Mixing – 4 things to consider when receiving your project source files

Sound Tweakers
Sound Tweakers
Mixing - 4 things to consider when receiving your project source files
Sound Tweakers Mixing receiving source files Ep01 720x420

After accepting a mixing project your first task is to receive your project source files. This is what we’ll be covering in today’s episode of the Sound Tweakers Podcast.

1. Before mixing anything: get your contract signed!

But wait, didn’t you say we’d talk about mixing? Yes, we do, but this is a really important detail! So I decided to include it in this episode.

  • Make sure you’ve got your terms and fees defined and accepted in a legally binding form.
  • Don’t make exceptions – even if you know the artist for years. I’ve seen friendships ending badly because there was no contract in place.
  • Never, never ever, work for free.
  • Receive some payment up-front to cover your costs and as a sign of dedication from your client.
  • Define your scope of work, deadlines, number of revisions, fees and a contract termination clause.

2. What do you need to receive from your client?

  • Briefing: You need to know what your client wants. The more detailed the briefing, the better it is. Remember to get this in writing!
  • Reference: One audio file (I repeat: one, not many) which serves you as a mixing north in case of doubts.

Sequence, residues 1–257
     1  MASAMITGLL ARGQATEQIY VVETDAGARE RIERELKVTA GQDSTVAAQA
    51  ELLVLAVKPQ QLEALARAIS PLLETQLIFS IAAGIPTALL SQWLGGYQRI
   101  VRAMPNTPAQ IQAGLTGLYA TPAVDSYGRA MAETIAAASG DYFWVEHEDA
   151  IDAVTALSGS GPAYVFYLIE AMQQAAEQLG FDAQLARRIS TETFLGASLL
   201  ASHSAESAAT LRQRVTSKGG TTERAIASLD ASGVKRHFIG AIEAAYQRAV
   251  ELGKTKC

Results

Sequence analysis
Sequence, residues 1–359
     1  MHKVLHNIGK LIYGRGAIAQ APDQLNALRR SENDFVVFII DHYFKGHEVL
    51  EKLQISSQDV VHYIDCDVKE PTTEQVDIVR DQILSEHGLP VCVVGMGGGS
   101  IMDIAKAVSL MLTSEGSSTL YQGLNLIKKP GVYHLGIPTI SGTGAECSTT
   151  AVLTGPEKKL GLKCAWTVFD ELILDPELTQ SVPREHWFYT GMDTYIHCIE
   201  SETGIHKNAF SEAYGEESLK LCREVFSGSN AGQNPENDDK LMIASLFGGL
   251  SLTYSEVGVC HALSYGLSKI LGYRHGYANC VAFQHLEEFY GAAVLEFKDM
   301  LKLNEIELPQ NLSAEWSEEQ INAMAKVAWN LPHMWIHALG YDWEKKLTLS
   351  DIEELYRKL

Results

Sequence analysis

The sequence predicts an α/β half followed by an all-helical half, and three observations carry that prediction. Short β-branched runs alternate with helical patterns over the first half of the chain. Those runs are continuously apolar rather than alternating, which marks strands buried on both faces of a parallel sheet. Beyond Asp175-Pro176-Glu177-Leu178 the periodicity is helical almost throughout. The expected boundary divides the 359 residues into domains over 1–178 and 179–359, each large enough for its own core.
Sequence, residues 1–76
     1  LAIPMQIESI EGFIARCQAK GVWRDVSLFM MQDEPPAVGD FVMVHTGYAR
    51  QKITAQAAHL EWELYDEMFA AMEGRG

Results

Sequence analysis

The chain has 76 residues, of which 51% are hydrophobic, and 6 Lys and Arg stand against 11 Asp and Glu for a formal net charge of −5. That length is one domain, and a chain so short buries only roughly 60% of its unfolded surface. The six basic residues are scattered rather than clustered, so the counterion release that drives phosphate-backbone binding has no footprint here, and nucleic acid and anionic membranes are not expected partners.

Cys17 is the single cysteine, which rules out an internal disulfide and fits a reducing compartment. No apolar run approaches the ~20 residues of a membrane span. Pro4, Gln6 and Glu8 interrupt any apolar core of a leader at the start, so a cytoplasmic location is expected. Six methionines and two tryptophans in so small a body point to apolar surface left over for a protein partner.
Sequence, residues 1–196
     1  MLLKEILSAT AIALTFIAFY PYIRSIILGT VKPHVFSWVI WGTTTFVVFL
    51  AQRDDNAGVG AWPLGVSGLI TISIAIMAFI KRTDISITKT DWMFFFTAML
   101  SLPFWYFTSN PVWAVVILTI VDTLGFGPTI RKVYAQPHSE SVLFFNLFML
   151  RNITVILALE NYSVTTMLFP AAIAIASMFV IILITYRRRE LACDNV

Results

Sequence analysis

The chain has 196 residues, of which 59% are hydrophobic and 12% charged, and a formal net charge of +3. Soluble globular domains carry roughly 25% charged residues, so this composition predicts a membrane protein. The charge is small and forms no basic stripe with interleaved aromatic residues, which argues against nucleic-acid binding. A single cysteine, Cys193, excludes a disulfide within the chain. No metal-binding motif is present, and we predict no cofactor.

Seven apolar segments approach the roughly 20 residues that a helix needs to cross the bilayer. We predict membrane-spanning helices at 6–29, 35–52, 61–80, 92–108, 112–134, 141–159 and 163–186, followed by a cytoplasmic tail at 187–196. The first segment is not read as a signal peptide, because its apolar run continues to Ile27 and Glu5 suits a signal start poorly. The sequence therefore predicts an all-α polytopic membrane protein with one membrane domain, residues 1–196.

• Documentation: Any notes that have been taken during recording and editing should be available to you.
  • Project files: This is the fun part – we’ll look at them next.

3. How to receive your project files for mixing?

  • If you’re only going to mix, the most common format for receiving files is consolidated WAV files.
  • Should your responsibilities go beyond mixing (editing, vocal tuning), it is a good idea to receive the open session.
  • In this case, you need to check plug-in and DAW compatibility.
  • If you don’t have all the plug-ins available, printing the ones you don’t have is a valid option.
  • Decide on which format to use (consolidated or open) by talking to your client about her needs.

4. How about the sample rate and bit depth?

  • You should receive files at the same sample rate and bit depth as they were recorded.
  • No upsampling, no downsampling.
  • A very common format for audio production nowadays is 48 kHz / 24 bit.
  • If your client recorded at a higher sample rate than your setup accepts, receive the source files in high definition, then create lower sample rate versions upon import and use those for mixing.
  • When you bounce your mix, relink the high-resolution files using an interface/studio which supports the higher sample rate.

Like the Sound Tweakers podcast?

That’s it for today! If you liked the episode, here are some more links for you:

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